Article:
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BookBrowse Reviews Vandal Love by Deni Y. Béchard

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Vandal Love

A Novel

by Deni Y. Béchard

Vandal Love by Deni Y. Béchard X
Vandal Love by Deni Y. Béchard
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  • Paperback:
    May 2012, 352 pages

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Book Reviewed by:
Norah Piehl
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A mystically powerful novel about the Quebec diaspora and creating identity in an unwelcoming landscape

"Haunted by a family that was impossible to grasp or let go" is a passage used to describe Isa, one of the central characters of Deni Béchard's debut novel, Vandal Love, but it could just as easily apply to many of the other strange and tortured characters who populate the pages of Béchard's eerie and eloquent novel.

The children of Hervé Hervé are born, "as if by biblical curse," alternately either "brutes or runts." Their peculiar fate seems natural, born as they are to a family, a father, and a land that is hardened and even warped by generations of hardship. Resistant to post-World War II change, deeply cynical of the United States, which has lured away so many other villagers, Hervé seems content to dig his heels into their small corner of Québec and slowly drink himself to death like the many others "whose wisdom came from suffering." He seems willing - even eager - to give away the runts of the family to other villagers but keeps the giants by his side, working them as hard as he himself worked.

Vandal Love tells the story of two different strands of Hervé's family. Jude is a giant with a talent for fighting (and a temper to match) and a love as clumsy as his body. Despite his father's disdain for the United States, Jude embarks on an odyssey that will take him all the way from Québec to the Deep South, where he supports himself by boxing. He fathers a child - the aforementioned Isa - who must struggle to find her own odd kind of family. In Part Two, François, a runt who never knew his father, at first seems destined to become a priest but soon discovers that his future lies in a different path, also in a land thousands of miles from where he started out. The often-failed struggle to define identity in the absence of a strong sense of place, of history, of home, lies at the center of both these narrative strands, which trace the brutal and beatific connections that tie these characters together.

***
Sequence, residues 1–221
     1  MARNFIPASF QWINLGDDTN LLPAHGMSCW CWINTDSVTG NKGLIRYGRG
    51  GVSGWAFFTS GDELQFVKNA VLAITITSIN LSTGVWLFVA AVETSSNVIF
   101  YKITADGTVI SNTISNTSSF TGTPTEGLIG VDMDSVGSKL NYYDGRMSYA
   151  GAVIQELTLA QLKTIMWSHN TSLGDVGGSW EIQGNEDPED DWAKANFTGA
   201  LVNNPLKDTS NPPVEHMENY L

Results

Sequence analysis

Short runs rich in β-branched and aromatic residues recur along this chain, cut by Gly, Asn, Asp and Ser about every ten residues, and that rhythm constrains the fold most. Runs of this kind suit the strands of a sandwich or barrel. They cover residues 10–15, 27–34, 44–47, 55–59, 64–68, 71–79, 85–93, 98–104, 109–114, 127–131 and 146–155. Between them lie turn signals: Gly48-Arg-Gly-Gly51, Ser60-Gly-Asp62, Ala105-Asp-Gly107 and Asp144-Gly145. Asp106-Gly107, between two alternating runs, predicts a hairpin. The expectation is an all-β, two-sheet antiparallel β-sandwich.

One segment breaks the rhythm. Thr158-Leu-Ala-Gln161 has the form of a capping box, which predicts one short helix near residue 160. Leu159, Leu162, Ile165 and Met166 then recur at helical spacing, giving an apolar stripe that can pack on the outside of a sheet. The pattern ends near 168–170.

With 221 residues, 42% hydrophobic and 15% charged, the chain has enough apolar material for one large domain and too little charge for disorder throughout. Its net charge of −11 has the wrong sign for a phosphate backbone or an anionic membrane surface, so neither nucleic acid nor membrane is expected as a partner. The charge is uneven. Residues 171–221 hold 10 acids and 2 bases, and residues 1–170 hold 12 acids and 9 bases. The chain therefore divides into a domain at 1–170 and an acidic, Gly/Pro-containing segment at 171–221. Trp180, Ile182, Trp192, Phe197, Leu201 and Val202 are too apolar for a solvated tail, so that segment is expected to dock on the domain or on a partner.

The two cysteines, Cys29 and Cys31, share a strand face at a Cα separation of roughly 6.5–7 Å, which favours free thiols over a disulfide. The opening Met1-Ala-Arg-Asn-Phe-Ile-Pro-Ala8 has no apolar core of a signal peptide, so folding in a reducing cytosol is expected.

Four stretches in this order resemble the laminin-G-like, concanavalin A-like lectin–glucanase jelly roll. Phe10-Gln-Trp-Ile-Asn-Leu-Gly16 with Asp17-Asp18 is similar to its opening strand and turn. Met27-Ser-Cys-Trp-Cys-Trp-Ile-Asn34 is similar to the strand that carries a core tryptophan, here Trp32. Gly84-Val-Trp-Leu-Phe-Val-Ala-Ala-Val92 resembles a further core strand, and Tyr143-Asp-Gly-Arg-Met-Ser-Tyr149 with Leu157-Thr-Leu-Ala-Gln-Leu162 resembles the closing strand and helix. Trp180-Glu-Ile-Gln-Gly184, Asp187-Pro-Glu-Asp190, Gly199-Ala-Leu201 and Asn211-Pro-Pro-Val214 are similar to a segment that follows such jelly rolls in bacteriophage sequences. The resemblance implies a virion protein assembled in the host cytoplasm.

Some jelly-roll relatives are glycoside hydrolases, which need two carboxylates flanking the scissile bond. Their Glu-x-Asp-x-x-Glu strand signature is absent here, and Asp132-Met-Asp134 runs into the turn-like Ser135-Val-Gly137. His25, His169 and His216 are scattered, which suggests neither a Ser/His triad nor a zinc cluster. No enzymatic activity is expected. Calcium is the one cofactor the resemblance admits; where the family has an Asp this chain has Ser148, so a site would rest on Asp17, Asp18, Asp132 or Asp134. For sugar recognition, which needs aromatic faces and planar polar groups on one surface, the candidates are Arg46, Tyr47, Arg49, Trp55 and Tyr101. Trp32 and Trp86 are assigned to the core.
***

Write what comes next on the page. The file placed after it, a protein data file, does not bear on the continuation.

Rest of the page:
Béchard's prose flows as smoothly and naturally as does the passing of time in his novel. Although his background is in journalistic writing, Béchard consistently demonstrates his facility with elegant and poetic descriptions of emotion and place, as in this description of François's son Harvey in rural Virginia: "He... lay down in a coffin of tall, cow-smelling grass, the sky above framed raggedly to his shape.... Crickets sawed all around him, so close he felt they would devour him in his sleep like piranhas."

Elements of Béchard's novel have a magical realist quality - the extremes of the characters' sizes, their prodigious appetites, the coincidences that bring them together. Its idiosyncratic characters and darkly strange worldview, however, will remind many readers of the gothic atmosphere of Joyce Carol Oates's novels. It's hard to believe that this skilled, often deeply moving novel is Béchard's first - readers will certainly be hoping for great things from this imaginative, original, elegantly lyrical but muscular new voice.

Reviewed by Norah Piehl

This review first ran in the August 8, 2012 issue of BookBrowse Recommends.

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